Our most recent webinar was hosted by Kerry Stonestreet,Cascade's data management and visual visualization leader. He is a licensed, professional geologist with 18 years of experience combining geologic principles with advanced geospatial and spatial, temporal technologies. He has extensive experience in ESRI's ArcGIS suite of software, C Tech's Earth f Volumetric Studio, and its predecessor's versions, Environmental Visualization System and Mining Visualization System.
This webinar is on 3D imaging best practices, and specifically, how those practices relate to the development of robust conceptual site models, as well as how they support informed decision-making, resulting in cost avoidance throughout the lifecycle of the project.
Here is a simple outline for the blog:
A holistic CSM is not necessarily limited to the data generated on site., A thoroughly developed CSM includes all appropriate and useful information about the site and the region surrounding the site.
Typical off-site data sources include local, state, and federal data sets. We’ll cover data sources and how they really help build a good model. The CSM, as a platform, guides data collection, analysis, research, planning, and ultimately decision making.
Ultimately, the CSM serves as a platform for discussion and planning, and it's continuously updated as new data and information becomes available. Additionally, the CSM tells a story of what we know and it helps to suggest a lot about what we don't know.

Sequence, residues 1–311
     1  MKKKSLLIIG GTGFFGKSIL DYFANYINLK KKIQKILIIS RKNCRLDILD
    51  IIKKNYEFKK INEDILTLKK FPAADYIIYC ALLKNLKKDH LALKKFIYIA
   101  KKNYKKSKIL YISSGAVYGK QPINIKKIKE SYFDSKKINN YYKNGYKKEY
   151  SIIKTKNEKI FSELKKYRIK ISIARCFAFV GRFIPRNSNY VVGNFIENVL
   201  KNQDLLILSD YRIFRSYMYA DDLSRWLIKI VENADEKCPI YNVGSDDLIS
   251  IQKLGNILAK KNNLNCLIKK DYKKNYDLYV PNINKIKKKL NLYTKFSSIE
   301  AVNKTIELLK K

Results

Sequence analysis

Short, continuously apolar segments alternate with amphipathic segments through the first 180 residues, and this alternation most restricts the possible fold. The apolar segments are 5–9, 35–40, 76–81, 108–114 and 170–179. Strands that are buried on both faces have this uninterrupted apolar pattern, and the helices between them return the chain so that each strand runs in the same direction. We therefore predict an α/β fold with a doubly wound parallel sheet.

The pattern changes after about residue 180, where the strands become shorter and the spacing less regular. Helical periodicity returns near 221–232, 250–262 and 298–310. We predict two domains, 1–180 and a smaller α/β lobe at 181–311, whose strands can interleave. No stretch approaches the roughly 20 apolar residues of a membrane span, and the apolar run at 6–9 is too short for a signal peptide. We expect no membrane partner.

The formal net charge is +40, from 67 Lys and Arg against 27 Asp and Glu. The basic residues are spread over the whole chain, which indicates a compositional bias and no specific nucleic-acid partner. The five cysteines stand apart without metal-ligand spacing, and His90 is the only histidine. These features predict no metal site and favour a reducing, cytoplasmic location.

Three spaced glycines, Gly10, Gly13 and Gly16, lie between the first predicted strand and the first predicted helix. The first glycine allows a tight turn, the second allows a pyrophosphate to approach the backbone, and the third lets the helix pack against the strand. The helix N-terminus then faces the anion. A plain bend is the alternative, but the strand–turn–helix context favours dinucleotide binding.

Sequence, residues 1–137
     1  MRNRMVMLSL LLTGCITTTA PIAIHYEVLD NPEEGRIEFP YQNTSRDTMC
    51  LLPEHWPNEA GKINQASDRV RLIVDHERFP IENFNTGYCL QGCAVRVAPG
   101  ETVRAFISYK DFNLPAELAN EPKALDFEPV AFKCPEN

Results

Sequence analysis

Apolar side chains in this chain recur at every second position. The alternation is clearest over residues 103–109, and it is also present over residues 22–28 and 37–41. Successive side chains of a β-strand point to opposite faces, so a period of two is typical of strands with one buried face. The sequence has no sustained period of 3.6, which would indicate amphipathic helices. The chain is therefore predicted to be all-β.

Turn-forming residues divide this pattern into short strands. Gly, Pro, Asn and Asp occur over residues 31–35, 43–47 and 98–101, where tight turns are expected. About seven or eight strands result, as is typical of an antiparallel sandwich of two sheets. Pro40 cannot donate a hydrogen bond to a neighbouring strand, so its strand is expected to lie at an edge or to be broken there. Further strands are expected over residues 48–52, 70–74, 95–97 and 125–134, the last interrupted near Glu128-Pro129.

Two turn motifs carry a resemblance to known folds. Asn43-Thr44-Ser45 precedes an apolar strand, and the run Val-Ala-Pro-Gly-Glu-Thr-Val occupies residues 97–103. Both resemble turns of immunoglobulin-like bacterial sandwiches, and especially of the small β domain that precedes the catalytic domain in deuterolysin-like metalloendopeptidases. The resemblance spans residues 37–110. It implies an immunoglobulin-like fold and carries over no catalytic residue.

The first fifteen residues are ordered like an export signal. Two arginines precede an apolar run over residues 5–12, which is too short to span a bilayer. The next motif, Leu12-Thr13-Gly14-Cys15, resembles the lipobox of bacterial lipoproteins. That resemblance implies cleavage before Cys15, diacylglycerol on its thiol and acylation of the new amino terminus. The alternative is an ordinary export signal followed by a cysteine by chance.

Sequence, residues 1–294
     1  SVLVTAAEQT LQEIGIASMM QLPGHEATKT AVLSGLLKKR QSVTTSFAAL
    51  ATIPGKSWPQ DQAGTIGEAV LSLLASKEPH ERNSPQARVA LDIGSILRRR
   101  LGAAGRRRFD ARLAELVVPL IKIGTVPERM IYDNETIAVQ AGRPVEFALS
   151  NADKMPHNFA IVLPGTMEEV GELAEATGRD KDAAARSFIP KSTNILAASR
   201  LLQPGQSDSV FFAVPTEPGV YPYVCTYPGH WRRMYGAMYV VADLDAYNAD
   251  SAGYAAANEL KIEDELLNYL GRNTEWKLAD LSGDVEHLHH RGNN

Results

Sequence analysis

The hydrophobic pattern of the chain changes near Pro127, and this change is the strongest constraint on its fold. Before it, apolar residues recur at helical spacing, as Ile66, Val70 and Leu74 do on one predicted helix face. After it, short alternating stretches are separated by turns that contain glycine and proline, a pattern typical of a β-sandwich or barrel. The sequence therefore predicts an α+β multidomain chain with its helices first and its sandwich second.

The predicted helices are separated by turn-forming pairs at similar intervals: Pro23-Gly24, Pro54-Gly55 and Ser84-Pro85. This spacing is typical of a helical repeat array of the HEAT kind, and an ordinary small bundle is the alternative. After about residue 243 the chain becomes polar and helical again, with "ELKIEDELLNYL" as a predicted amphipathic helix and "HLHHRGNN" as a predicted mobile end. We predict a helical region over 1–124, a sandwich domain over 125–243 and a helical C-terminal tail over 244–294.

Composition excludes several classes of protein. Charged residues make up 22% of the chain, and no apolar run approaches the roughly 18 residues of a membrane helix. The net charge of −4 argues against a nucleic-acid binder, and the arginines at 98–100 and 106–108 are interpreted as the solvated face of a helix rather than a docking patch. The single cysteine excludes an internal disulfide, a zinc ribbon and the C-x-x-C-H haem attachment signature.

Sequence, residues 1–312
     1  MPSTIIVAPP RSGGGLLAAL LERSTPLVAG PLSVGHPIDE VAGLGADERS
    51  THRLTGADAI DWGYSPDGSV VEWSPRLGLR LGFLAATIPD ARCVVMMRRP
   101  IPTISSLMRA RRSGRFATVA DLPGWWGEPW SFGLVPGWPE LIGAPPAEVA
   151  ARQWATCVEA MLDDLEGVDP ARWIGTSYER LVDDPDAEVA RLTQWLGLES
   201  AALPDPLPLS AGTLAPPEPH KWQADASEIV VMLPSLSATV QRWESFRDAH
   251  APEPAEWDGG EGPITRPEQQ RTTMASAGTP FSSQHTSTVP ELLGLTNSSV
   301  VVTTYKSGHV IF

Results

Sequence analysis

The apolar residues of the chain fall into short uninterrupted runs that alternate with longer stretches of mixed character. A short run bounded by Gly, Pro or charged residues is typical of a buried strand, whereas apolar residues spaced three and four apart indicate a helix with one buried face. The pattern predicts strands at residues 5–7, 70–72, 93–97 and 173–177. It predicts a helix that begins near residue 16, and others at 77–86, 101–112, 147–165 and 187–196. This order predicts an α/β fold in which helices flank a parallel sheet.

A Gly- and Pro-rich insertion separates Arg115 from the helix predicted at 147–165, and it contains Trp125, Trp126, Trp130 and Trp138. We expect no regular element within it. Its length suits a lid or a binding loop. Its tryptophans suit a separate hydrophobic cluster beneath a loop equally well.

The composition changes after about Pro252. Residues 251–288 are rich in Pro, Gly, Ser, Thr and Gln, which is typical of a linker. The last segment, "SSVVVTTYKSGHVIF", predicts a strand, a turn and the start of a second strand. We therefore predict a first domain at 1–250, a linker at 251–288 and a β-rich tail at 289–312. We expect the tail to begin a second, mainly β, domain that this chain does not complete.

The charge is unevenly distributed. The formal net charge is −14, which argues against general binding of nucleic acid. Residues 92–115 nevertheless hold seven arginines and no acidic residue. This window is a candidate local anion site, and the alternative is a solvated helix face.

We endeavor to incorporate all available and relevant site information, whether it’s site-specific or not. A CSM represents the most complete understanding of site conditions and it's dynamic - continuously updated and revised as new info is made available. CSM's may be presented in many formats:
When all this is managed correctly in a Geographic Information System (GIS), a structured database, and combined with other geospatial and data management tools, a CSM becomes a really powerful tool throughout the whole project lifecycle. Work plans, reports, statistics, tables, maps...all those things are quick to develop and it becomes easy to pull those together when it's all organized and the workflows are the same from project to project.
Finally, the conceptual site model is the primary tool for decision making. We like to say that the decision is only as good as the CSM and the ability of the decisionmakers to understand and incorporate it.